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Sundance: ‘Memory: The Origins of Alien’ Takes a Deep Dive into the Science Fiction Epic

An original sketch from “MEMORY – The Origins of Alien.” Courtesy of Sundance Institute.


Director Alexandre O. Philippe’s documentary “Memory: The Origins of Alien” takes the viewer to unexpected and sometimes disturbing places in his quest to parse out the origins of the iconic chest-burster scene in the science fiction epic “Alien.”

The documentary opens in perhaps the most surprising of locations: the Temple of Apollo in Greece. While strange at first, the opening makes sense as the documentary delves into the long history of myths and storytelling, recalling the words of T. S. Elliot: “Good authors borrow, great authors steal.” At the film’s premiere at the 2019 Sundance Film Festival, Philippe described the film as an exploration of the “collective conscience” as much as it is about the chest-burster. What started as an analysis of one particular scene turned into an ambitious examination of the true origins of “Alien.”

The title of “Memory” is a call back to an early script of the same name written by science fiction legend Dan O’Bannon. This early script essentially detailed the first 30 pages of the “Alien” script. “Memory,” as a title, also calls upon the idea of the “collective conscious.” All stories are a memory of stories already written — the works of H. P. Lovecraft influenced O’Bannon. Lovecraft was in turn influenced by mythology, pulling ideas from Greek stories, which are then reflected back again in “Alien.” The signal calling out to the Nostromo is a siren. The alien is a fury.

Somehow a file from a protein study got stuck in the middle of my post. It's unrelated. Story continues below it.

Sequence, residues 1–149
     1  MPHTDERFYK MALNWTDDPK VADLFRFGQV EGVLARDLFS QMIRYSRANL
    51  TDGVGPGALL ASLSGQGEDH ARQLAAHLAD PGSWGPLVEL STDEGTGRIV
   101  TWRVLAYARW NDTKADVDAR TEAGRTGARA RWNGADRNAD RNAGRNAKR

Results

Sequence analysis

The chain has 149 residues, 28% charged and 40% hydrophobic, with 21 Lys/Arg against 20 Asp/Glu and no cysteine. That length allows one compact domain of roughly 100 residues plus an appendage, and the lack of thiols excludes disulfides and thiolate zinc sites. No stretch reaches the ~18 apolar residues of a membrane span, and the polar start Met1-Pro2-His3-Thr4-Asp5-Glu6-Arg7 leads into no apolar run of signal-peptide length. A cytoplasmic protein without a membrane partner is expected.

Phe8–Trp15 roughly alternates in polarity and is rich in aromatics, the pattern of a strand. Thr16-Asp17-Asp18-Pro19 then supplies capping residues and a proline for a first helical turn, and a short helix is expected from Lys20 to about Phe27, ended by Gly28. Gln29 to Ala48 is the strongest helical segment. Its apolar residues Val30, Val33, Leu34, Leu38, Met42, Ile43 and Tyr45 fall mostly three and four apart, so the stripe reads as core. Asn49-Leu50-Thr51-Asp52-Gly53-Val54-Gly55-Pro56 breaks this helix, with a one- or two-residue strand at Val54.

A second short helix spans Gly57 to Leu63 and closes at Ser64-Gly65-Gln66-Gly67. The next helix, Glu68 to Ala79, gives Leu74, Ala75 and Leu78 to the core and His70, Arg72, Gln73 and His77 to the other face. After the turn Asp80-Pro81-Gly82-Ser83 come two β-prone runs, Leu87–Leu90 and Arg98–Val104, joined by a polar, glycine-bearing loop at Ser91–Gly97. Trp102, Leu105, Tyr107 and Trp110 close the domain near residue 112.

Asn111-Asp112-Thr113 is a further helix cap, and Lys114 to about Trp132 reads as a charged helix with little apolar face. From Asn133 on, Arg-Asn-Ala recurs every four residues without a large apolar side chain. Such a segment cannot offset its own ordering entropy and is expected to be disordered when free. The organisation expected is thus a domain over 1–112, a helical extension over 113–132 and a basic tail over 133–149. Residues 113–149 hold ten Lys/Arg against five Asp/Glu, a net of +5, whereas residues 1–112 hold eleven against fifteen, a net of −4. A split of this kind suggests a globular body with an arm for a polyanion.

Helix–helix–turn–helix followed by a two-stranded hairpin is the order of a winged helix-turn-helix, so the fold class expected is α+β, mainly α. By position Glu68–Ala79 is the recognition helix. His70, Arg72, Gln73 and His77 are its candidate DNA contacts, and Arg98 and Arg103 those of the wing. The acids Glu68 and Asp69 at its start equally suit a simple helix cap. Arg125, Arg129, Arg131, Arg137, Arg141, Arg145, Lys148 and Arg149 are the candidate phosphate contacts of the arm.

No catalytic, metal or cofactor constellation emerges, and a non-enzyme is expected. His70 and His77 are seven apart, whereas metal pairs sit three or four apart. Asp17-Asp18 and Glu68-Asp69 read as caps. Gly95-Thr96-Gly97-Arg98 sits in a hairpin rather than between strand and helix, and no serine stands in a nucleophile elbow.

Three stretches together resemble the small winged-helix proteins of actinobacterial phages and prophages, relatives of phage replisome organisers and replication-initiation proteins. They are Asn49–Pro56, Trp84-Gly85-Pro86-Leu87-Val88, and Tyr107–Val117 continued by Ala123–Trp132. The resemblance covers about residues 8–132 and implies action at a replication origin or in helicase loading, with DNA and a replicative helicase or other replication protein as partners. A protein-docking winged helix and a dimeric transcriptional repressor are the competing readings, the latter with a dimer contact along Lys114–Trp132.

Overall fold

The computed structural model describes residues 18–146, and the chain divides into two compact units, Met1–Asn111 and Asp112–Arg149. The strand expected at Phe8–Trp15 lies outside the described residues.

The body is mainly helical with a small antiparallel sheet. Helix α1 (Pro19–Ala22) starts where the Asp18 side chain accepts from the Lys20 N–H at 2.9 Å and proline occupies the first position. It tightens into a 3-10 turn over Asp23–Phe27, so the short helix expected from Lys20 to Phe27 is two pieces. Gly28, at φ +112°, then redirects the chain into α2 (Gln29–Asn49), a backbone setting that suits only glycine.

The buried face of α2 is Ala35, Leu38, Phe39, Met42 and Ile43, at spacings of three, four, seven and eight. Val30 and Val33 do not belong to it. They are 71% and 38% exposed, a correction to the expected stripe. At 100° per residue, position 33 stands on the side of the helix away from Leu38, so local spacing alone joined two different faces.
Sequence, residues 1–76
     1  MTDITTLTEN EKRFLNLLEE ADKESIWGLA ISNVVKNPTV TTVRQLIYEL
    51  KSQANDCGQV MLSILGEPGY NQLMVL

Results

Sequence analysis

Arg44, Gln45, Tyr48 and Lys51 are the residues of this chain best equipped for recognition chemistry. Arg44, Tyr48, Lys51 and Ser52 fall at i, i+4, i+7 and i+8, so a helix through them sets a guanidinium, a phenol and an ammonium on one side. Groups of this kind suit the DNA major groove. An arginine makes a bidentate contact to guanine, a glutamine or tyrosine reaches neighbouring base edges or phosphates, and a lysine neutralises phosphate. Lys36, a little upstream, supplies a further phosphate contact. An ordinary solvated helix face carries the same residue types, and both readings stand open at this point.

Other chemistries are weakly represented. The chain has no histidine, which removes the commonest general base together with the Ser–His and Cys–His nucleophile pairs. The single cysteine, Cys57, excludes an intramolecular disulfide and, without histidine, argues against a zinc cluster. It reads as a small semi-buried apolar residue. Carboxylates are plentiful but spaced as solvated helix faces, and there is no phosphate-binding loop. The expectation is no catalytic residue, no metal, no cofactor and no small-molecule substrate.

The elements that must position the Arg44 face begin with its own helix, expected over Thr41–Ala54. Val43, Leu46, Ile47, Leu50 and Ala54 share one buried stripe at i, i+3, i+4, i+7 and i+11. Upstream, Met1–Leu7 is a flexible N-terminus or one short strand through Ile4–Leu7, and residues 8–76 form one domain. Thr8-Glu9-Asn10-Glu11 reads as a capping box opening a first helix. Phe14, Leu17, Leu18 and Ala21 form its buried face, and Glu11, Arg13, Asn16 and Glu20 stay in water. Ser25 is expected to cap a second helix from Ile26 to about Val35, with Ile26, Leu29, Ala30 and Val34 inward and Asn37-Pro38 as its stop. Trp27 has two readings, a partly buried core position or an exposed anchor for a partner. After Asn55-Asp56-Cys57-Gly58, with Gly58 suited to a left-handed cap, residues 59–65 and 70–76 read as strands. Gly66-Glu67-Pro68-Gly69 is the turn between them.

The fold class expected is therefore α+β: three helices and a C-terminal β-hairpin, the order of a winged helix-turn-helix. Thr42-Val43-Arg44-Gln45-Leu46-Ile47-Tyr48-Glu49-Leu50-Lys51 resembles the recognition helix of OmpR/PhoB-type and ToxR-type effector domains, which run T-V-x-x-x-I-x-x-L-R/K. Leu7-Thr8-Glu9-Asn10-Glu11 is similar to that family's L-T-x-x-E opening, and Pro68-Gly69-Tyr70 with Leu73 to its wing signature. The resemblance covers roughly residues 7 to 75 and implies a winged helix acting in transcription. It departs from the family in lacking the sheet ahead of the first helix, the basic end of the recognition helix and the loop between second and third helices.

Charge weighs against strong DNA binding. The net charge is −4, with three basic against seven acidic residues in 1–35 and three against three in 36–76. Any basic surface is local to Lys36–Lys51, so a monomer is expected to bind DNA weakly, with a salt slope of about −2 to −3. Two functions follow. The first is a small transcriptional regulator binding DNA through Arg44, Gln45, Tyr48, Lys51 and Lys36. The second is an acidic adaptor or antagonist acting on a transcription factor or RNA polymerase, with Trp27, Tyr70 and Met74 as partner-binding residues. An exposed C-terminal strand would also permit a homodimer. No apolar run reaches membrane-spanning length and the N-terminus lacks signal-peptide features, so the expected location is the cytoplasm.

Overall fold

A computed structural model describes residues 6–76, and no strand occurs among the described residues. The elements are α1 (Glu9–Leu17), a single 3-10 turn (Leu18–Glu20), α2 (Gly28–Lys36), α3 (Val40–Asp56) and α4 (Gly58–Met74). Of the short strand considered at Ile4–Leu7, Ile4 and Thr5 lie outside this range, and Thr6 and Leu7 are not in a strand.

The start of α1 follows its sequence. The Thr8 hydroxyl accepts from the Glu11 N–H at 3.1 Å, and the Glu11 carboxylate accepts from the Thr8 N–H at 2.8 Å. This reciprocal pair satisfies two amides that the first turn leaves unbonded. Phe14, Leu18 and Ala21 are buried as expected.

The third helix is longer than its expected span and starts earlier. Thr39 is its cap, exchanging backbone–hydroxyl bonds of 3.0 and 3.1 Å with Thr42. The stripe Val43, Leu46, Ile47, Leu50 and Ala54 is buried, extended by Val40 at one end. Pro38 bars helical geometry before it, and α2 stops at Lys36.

Alexandre Philippe, director of “MEMORY – The Origins of Alien.” Courtesy of Sundance.

Diane O’Bannon, Dan O’Bannon’s wife, played a pivotal role in the creation of the film. Without her insights into her late husband’s mind or her vast collection of drawings and notes, the documentary wouldn’t be the insightful compilation it is today. O’Bannon’s wife shares a wealth of information about her husband’s own history, even discussing how O’Bannon, who died from complications of Crohn’s Disease, drew inspiration for the chest-burster from his own digestion.

While the story for “Alien” came from O’Bannon, the film only became a masterpiece because of the creativity and dedication of an entire team of people. Artist H.R. Giger is credited with the creation of the actual alien and “Memory: The Origins of Alien” takes a thorough look at the artists who influenced the visual design of the alien.

The deep dive into relevant history and pop culture is where this documentary shines. The creative editing and graphics are also notable. The “Alien” theme is infused into every element, with old interviews often shown as though displayed on screens aboard the Nostromo. Comic books and graphic novels play an integral role and pages are shown pulled apart into layers, almost like a diorama.

Where the documentary dulls is in the list of talking heads recruited to provide insight into the film. There are no exciting new interviews with “Alien” director Ridley Scott or from our heroine Sigourney Weaver. In addition to O’Bannon’s wife, the film relies on members of the media, pop culture experts and lesser-known names from the film crew. Scott and Weaver sadly only appear in archival footage. While their absences may be understandable, it’s certainly still disappointing.

While “Memory: The Origins of Alien” doesn’t do anything particularly innovative in format, (it still relies on voice-overs and cutaways to talking heads), it isn’t fair to simply say it is a behind-the-scenes look of another work. The research and analysis of history and pop culture are impressive, pushing the documentary closer to being a video essay, focusing on interpretation rather than mere documentation. For any fan of “Alien,” Philippe’s “Memory: The Origins of Alien” is a satisfying dissection of the film’s origin story.

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